29 June 2012

Rolled Gold and Granulation- pt II

Back to the rolled gold wire- Mitch over at Hickoree's Hard Goods asked to make it into a pretzel pendant. 
(...gotta get me a Hill-side tie...)
Yes, the gold is a weird colour, but dont worry about it. ( its just that marble dust I was talking about)

A Pretzel Needs Salt.

So Im going to put some tiny gold granules on there.
Granulation is an ancient technique, mastered by the Etruscans. Seems to be a bit controversial as to how it actually works- but this is how it was taught to me by Dr Robert Baines:

Making the granules:
Place gold filings on layers of charcoal dust.
Heat this up, and the bits will melt into spheres; granules.
The dust helps to keep them separate. Then wash off the dust.


It'll be tricky to attach these things to the pretzel, they're really tiny. Smaller than this: "."

Ancient method: 
-malachite powder (see pic above)
-organic glue 
(Theophilus Presbyter prescribes quince pips, I think? or gum tragacanth is also good. I used a Uhu stick! Seemed to work- felt a little irreverent tho')
-flux

You paste the granules on with a little of this mix.
Heat it up gently with a bushy flame. The glue burns off ( creating a local reducing atmosphere)
Then there's this critical moment when you get a little flash of the metal just before you melt everything.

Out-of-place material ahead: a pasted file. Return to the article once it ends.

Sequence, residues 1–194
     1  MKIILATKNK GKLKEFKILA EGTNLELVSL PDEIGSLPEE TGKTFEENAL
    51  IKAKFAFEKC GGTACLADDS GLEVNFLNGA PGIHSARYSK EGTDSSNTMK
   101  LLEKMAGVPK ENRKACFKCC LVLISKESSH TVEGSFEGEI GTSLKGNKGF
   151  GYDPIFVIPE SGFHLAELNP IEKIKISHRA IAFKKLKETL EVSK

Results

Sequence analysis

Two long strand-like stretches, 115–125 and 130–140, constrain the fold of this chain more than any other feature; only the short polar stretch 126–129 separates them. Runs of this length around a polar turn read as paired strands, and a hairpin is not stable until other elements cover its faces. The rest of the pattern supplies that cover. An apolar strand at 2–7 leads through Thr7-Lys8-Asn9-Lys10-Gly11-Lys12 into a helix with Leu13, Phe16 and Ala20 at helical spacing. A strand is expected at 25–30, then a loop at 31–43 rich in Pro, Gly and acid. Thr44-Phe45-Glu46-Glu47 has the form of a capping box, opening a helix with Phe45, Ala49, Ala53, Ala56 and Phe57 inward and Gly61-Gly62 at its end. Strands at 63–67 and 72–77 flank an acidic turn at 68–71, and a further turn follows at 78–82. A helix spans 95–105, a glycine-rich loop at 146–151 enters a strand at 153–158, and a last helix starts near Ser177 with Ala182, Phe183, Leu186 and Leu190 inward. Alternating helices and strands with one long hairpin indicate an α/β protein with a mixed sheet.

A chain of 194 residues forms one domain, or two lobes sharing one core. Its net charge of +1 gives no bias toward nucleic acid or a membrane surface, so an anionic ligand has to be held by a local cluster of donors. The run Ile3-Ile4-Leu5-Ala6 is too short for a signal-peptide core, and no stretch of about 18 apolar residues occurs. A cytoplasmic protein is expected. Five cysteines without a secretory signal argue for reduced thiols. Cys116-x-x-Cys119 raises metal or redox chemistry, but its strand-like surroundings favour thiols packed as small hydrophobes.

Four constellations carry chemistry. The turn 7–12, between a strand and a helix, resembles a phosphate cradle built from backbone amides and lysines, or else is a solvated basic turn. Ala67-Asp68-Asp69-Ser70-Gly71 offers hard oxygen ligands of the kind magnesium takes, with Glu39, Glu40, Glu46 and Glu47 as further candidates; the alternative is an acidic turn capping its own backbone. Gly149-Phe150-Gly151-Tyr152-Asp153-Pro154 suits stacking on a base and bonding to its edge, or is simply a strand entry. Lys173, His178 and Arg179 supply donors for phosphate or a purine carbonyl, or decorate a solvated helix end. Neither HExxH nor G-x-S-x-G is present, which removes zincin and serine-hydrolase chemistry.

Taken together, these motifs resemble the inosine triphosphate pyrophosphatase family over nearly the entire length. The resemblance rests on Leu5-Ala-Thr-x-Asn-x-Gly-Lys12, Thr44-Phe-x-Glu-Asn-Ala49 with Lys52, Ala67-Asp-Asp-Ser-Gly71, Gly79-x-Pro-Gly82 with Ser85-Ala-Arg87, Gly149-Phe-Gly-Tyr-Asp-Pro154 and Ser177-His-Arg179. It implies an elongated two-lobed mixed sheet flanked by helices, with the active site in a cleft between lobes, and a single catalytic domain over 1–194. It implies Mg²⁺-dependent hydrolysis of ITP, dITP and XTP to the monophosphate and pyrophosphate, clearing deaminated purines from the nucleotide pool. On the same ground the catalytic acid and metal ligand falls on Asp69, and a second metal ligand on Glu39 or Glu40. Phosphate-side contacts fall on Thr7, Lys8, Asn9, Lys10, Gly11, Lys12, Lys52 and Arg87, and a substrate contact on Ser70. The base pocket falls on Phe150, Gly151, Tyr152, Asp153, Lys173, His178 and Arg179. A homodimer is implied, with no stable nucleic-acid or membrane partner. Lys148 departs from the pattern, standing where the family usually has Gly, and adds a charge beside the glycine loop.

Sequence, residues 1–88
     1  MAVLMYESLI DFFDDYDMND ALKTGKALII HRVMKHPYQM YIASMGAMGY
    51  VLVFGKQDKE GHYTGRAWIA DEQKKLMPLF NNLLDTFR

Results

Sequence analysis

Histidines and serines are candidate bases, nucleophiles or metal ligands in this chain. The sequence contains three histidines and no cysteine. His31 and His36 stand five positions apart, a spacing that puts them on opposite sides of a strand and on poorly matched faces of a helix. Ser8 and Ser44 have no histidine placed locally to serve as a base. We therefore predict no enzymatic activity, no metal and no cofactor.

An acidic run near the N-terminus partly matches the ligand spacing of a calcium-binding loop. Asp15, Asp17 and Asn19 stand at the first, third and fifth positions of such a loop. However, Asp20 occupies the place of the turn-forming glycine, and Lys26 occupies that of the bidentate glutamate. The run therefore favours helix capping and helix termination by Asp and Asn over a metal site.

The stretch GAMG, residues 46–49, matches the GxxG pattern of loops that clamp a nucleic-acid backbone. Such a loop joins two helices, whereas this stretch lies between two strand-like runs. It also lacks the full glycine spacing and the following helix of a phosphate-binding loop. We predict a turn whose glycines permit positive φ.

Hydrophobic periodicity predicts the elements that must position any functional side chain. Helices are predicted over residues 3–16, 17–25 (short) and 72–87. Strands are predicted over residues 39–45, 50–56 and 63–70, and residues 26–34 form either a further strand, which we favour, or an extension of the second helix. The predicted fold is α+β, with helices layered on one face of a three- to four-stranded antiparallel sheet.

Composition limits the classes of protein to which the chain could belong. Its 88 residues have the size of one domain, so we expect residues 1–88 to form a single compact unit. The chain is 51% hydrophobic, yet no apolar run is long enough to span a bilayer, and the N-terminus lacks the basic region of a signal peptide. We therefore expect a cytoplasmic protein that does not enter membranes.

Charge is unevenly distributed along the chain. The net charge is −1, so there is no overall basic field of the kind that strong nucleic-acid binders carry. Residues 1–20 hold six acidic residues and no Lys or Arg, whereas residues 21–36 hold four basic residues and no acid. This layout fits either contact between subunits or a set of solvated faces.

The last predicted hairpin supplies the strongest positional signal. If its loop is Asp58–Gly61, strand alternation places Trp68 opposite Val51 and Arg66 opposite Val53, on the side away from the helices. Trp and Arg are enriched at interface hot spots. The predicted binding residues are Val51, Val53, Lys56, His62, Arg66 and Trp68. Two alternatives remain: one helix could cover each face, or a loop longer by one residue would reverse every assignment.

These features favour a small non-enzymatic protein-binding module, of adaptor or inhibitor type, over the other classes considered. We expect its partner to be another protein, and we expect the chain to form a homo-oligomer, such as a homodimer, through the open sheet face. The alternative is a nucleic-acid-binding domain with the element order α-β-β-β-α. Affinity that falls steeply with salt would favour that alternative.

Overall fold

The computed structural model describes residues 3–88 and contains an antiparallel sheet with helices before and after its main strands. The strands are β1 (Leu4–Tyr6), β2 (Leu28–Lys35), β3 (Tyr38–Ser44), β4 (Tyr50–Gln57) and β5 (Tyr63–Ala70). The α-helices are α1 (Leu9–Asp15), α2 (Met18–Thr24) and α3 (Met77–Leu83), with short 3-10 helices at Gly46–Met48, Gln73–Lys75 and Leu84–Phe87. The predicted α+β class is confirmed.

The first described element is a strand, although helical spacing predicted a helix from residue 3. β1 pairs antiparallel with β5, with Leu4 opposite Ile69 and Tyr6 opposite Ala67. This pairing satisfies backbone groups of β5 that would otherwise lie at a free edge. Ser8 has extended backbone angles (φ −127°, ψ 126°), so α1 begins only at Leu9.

(stop before that)
The tiny amount of copper in the malachite powder melts with the gold just where the spheres meet the substrate. A very discrete join.( Is it diffusion bonding? Or is it just fusion?)

 A weird pic, yes, the pretzel is on the right with some of the granules bonded nicely. See how they are still spherical? ( bit fuzzy, sorry) Good Job!

Ironically, I decided that I was being too technical- the granules were too good, too spherical- not 'baked-in-salty' enough- so I decided to melt them in a bit, undoing my fancy-pants granulation.

The pretzel is ≈ 6mm long.
See, I told you the black stuff would come right off.


26 June 2012

Stone Rolled Wire

Awhile back I posted about the history of wire-making.
Well, I think its interesting.
Before steel tools were developed, smiths would roll a strip of gold between stones to make a 'snake',